The deer’s appearance felt like a good sign of things to come.



Odile ignores me and continues sniffing the dirt path ahead of me and making huffing noises. She’s a great dog, but alas she doesn’t speak English.

“Grandma prefers you to wear slippers in her house, right? She said last year that hers were old and ratty. Did anyone buy her a new pair? Do you know?”

Odile is a dog.

“I think there’s a shoe maker at the next intersection to the south, lets take a detour.

Odile is still a dog.


I found the shoe shop, first crossroads, south. The outside was shabby form the elements but very ornate in design. The dull with age pink paint chipping on the sides, the metal sign out front depicted a pair of dress shoes with the name ‘Adélard Cobbler’ engraved around the outside. A small sign was placed next to the green door read ‘open’.

I pushed open the front door, and hearing the jingle, a man stepped out from a bead curtain leading to the back. He had a beard and similar coloured moustache, carefully jelled to a stylish point.

“Welcome, young lady, what can i get you this fine morning?”

“Uh, I was going to my grandmother’s house and she needed a new pair of slippers.”

“Slippers? Not a problem. One moment please.”

The man disappeared behind the curtain again before reappearing with a large box.

“I sewed several pairs just last night. I have dog slippers too but I doubt they’ll fit your friend over there. I can however sew them a custom pair.”

I turn to look at Odile who’s shoving their snout into the opening of all the shoes on display. The offer is tempting, but I can imaging the fuss and chaos of trying to put them on her.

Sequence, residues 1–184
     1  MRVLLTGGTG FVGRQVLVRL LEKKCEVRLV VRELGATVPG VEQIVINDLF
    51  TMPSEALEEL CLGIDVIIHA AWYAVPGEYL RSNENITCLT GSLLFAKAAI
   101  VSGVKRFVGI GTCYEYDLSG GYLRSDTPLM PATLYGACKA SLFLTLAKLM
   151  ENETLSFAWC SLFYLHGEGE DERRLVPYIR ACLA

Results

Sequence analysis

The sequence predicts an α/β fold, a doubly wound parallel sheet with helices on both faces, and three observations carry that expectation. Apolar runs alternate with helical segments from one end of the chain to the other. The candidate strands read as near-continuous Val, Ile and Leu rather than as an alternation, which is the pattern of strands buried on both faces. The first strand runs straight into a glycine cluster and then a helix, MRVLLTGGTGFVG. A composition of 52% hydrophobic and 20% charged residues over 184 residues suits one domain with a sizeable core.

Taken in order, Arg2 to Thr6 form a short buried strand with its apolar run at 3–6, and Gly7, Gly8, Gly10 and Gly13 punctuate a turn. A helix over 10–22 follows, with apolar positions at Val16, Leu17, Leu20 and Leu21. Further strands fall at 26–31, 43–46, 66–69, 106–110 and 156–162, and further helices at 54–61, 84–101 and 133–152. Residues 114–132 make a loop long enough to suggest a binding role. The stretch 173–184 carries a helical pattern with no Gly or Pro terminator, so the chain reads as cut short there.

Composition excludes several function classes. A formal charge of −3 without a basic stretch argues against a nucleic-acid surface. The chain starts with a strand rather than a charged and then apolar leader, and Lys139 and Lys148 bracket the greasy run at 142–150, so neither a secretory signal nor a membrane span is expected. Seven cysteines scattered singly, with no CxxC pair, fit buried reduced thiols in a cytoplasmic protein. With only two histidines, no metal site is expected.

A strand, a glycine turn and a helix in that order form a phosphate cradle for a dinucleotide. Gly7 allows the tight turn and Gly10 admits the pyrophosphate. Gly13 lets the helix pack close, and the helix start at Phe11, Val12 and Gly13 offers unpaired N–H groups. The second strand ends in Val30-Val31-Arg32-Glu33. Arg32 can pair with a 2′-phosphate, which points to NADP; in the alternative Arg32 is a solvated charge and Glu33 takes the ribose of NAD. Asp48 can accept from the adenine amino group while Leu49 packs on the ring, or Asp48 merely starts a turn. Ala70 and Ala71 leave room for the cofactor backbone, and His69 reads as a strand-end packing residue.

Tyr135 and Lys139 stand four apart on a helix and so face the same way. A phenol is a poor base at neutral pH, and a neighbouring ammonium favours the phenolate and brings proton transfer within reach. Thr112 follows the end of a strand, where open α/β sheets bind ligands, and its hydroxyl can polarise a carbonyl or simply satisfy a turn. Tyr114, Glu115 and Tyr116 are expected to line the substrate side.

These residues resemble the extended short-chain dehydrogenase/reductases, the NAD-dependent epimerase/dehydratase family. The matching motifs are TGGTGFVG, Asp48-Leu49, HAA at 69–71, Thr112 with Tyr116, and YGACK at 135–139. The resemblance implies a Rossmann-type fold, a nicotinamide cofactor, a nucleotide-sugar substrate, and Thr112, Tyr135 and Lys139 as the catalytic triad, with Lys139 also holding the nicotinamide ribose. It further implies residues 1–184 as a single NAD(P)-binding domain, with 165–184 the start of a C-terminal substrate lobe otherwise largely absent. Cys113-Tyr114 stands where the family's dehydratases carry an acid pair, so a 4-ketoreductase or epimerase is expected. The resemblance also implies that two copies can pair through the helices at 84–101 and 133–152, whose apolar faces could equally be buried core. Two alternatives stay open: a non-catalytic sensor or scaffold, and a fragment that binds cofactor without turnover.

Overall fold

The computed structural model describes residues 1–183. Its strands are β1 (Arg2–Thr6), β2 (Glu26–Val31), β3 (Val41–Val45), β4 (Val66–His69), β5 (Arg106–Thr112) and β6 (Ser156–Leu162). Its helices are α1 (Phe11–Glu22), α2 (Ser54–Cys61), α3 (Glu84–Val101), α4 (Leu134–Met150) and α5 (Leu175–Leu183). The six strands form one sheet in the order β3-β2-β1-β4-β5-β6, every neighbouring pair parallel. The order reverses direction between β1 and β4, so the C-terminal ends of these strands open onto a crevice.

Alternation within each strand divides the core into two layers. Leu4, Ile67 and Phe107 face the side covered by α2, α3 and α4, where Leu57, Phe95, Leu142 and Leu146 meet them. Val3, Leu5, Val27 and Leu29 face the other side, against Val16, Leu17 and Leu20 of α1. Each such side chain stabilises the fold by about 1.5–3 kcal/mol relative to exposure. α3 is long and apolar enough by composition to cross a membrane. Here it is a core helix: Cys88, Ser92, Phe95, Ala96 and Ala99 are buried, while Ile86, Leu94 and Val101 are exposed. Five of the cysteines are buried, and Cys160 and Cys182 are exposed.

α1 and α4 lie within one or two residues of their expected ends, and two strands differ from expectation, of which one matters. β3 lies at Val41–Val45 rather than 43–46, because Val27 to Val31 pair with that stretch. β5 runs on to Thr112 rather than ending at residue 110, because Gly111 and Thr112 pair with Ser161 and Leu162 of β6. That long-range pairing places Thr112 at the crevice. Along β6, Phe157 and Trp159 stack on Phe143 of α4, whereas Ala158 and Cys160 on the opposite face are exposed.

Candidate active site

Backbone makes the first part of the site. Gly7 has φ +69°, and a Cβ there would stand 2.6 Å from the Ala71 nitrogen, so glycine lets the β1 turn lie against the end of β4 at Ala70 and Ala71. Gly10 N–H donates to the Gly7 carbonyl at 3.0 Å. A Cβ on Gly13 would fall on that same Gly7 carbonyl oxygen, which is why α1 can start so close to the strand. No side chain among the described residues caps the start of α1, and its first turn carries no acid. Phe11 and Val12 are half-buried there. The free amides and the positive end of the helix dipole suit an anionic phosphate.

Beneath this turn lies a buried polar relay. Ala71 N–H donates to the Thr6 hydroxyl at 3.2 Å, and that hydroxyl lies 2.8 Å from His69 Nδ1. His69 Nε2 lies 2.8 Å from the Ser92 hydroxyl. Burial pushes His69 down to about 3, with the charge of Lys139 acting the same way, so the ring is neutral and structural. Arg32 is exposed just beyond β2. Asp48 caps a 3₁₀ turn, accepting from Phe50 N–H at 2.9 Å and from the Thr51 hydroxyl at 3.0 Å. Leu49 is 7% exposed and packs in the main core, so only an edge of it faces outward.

“I appreciate the offer, but I have to pass. Just the slippers, please.”

The man nods and smiles, taking several pairs out from the box. Three specific ones catch my eye.

A shockingly intricate pair of beads and gems made of a new invention called “plastic”. Green, red and purple and catches the light in a magnificent way like I’ve never seen before. Picking them up they’re fairly heavy.

A pair the same dusty pink as the outside of the shop, also highly decorated, with lace twisted with a precise complexity making the image of a small bird upon the front. If it wasn’t for the details upon the toe they would be a normal pair of slippers. They’re very soft to the touch.

And a pair in a simple purple and green, but the covering fabric has been quilted in several small geometric shapes. No quilted patch bears the same design and between the pieces is a this strip of even more lace.

All three pairs are stunning in their own right.

“The three you’re looking at will all cost the same at 1 and a half pieces” the shopkeeper says “but, I’d be willing to give you the three of them for only 3 pieces.”

“Ah, that’s quite a discount.”

It’s more than enough with what I’m carrying in my purse. I pretend to think for a second before agreeing.

The shopkeeper helps me tuck the three pairs of slippers under the pie. I gather Odile from her shoe based adventure and we head on our way, thanking the shopkeeper as we leave.

to be continued...